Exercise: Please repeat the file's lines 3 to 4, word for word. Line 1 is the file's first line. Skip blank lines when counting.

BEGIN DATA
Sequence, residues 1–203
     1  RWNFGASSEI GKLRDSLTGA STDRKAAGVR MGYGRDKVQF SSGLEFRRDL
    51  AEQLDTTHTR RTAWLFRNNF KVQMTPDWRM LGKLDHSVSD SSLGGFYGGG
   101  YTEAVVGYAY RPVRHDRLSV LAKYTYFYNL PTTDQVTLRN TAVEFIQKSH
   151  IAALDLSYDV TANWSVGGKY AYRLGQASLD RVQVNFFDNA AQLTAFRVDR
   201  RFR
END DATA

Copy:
    51  AEQLDTTHTR RTAWLFRNNF KVQMTPDWRM LGKLDHSVSD SSLGGFYGGG
   101  YTEAVVGYAY RPVRHDRLSV LAKYTYFYNL PTTDQVTLRN TAVEFIQKSH